By Alan O'Day
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Extra info for A Survey of the Irish in England (1872)
Between the sybarites of society who squander Irish wealth in the English metropolis, and the poor crushed and heartbroken victims who perish unnoticed by the wayside of life, there is in London, as in nearly all the large towns in England, an immense force of Irish life, energy, and intelligence, which, if organised and united, would constitute a most valuable aid in accomplishing the national regeneration of their native land. Strong in numbers, influential in position, gifted with high intelligence and clear A Survey of the Irish in England 5 political sagacity, and withal intensely national, there is today an Irish power in England which, if marshalled and led with one desire and one aim, would make the possession of power by any political party inimical to Irish interests or Irish rights an utter impossibility.
From the days of Congreve, Steele, and Goldsmith, to those of Maxwell, Lover, and Lever, the brightest as well as the purest of the magazine and serial literature of London has been supplied by Irishmen [as well]. The Irish names who have figured in the first rank are too well known to need recapitulation; but in the lower and intermediate ranks the proportion of Irish writers on the London press is an unknown mystery outside the ranks of the initiated. 2 There is not a newspaper in London without its one, two, three, and four Irish writers and Irish reporters on its staff-indeed, Irish reporters are not alone numerous, but are the best and the ablest who supply the daily papers with the Court and Parliamentary records of the day.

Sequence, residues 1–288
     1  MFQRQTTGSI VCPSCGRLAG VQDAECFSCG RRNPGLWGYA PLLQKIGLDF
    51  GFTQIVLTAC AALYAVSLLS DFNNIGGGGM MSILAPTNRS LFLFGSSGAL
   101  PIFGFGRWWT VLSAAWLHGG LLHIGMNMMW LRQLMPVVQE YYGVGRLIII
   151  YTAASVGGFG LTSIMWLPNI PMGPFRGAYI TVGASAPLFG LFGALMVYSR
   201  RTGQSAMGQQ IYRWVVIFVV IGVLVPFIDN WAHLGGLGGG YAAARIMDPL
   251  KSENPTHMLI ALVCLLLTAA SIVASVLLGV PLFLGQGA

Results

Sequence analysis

31. 49. 64. 66. 74. 53 p. 120. 53. 51. 32. 57 David Fitzpatrick's chapters in the forthcoming New History of Ireland. 40. 90. 60 Friedrich Engels, The Condition of the Working-Class in England (Reprint, London 1969), p. 125. 61 p. S. 62-63. 389-462. 242; PJ. l-206. 39. 65 Ibid. 42. 46. 49. 53. 53-54. 57. 65. 113. 99. 91. 119. 95. 77. 84. 80 The Nation, 21 March 1874. , 8 August 1874. 82 United Irishman, 18 November 1876; John Denvir to Isaac Butt, 24 and 27 August 1876, I. Butt Papers, National Library oflreland, Ms 8698 (36).